LEWISTON — A storm set to bring more than a foot of snow and wind gusts of up to 30 mph has prompted the governor to close state offices Thursday and Central Maine Power staging extra crews.

Gov. Janet Mills directed all state offices to close Thursday, and Lewiston and Auburn announced parking bans from 11 p.m. Wednesday until 7 a.m. Friday.

Several Maine energy suppliers issued notices Wednesday telling customers that crews are preparing for the worst.

Central Maine Power increased overnight coverage at service centers and were pre-staging extra crews for outages.

Unitil Corp. Media Relations Manager Alec O’Meara said his company, a natural gas and electricity provider, always keeps an eye on the type of precipitation expected from big storms.

“With a messy storm like the one forecast, what we monitor closely is the type of precipitation that falls and the consistency of any snow,” O’Meara said. “Sleet and normal to dry snow tend not to stick to surfaces, while freezing rain and wet, heavy snow can damage trees and tree branches, which can cause outages.”


Stephen Baron, a meteorologist with the National Weather Service office in Gray, said the storm will come from two separate systems with an hour break between Thursday afternoon. Other than accumulations reaching over a foot of snow, there isn’t anything extraordinary about the storms, he said.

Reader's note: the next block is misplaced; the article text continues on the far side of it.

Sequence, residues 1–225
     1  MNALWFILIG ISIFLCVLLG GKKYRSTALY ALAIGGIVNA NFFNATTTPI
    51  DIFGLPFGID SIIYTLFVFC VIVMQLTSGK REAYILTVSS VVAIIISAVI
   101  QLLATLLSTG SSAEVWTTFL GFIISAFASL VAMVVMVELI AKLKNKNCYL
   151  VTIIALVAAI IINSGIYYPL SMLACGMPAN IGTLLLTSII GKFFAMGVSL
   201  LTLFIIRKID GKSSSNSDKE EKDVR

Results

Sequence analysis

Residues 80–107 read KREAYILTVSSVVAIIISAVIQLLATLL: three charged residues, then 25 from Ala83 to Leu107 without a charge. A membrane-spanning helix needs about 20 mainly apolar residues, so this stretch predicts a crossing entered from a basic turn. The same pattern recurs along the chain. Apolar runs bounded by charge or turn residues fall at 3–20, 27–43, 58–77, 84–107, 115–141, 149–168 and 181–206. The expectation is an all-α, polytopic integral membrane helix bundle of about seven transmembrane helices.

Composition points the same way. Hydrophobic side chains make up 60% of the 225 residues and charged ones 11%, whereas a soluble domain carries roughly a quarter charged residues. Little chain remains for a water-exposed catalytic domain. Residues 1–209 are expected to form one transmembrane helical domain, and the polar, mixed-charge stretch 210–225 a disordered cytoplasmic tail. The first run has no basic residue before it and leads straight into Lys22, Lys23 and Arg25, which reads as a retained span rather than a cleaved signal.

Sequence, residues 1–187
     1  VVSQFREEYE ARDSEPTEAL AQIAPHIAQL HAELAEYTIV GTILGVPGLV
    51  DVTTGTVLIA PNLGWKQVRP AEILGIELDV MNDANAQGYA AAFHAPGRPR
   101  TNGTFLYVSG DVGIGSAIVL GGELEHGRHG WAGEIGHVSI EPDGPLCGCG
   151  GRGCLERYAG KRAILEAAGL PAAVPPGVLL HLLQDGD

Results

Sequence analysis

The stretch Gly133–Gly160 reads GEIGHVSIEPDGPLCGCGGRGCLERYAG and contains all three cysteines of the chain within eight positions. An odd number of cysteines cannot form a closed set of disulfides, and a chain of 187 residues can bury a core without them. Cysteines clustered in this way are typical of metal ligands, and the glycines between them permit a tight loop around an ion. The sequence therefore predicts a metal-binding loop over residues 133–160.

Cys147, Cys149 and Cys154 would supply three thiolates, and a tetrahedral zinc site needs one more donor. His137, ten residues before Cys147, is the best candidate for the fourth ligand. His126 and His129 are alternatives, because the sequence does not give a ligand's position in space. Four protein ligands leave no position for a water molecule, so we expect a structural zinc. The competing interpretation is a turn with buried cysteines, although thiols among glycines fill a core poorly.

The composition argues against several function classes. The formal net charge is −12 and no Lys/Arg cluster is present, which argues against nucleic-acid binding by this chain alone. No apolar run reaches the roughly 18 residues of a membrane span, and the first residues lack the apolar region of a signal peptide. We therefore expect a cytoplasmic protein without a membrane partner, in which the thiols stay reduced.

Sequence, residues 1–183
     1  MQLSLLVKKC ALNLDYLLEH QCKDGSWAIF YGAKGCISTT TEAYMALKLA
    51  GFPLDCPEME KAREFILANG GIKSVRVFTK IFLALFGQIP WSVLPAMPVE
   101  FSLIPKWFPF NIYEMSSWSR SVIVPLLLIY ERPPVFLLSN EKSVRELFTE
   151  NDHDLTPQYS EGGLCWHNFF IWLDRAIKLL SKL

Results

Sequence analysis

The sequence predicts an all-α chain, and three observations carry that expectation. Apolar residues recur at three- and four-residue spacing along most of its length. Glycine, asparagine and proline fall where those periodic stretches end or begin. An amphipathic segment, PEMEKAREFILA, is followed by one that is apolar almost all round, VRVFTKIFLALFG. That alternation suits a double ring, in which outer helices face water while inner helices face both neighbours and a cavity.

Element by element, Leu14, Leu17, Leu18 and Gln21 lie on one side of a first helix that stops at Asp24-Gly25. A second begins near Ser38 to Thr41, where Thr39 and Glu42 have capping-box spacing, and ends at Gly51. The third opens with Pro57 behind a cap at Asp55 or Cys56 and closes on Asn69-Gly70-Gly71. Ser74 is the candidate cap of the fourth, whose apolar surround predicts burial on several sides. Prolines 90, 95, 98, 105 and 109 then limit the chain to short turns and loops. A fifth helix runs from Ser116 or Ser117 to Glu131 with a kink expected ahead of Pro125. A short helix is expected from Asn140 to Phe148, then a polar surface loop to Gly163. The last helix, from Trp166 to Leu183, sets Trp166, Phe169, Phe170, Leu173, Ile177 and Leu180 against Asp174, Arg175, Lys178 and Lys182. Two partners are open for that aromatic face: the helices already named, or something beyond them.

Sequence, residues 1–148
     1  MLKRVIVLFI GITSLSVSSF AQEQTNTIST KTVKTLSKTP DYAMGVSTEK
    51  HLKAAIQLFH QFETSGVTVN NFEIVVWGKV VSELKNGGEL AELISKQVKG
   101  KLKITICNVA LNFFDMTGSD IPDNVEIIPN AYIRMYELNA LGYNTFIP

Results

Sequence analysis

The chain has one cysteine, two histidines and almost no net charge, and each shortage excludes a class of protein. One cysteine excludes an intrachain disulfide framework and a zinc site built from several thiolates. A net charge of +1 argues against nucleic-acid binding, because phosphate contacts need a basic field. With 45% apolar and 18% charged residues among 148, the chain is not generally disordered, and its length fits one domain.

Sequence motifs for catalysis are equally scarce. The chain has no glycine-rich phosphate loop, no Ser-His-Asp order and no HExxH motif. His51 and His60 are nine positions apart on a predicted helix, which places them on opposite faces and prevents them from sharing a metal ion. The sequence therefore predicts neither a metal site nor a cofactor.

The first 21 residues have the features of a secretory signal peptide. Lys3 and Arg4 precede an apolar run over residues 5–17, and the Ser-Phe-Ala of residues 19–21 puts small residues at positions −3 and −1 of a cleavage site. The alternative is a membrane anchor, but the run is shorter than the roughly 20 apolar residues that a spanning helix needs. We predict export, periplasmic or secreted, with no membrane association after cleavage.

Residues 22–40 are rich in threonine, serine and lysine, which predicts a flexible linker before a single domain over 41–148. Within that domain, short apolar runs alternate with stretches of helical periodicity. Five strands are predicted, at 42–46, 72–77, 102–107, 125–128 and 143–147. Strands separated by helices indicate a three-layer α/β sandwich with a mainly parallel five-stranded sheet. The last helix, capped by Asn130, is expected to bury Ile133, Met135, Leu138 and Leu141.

“(Wednesday) into Thursday afternoon is going to be the biggest snow event and Lewiston-Auburn’s looking like they’re in the 8- to 12-inch range,” Baron said. “It’ll be a little bit lower for the north. We’re fairly confident, in that area, they’re not going to see as much of the rain and sleet mixing in as areas south will.”

The second system will come Thursday night through Friday morning and bring 2 to 3 inches of snow, but much of Southern Maine will get a mix of sleet and rain, he said.

Pine Tree Weather forecaster Mike Haggett said after the last storm, it’s difficult to get anecdotal about this week’s weather because the last storm had so many other factors that won’t be seen this time, such as record low temperatures, burst water pipes and flooding.

“This is just an old-fashion snow event,” he said. “Fluffy snow and, yes, it’s going to blow around a bit on Thursday, but it’s a hard time getting fired up about it. Yeah, some places are going to get 8 to 16 inches out of this over two days, but it’s fairly manageable. We’re Maine. We get 8- to 16-inch storms,” he said. “Just like mother used to make.”

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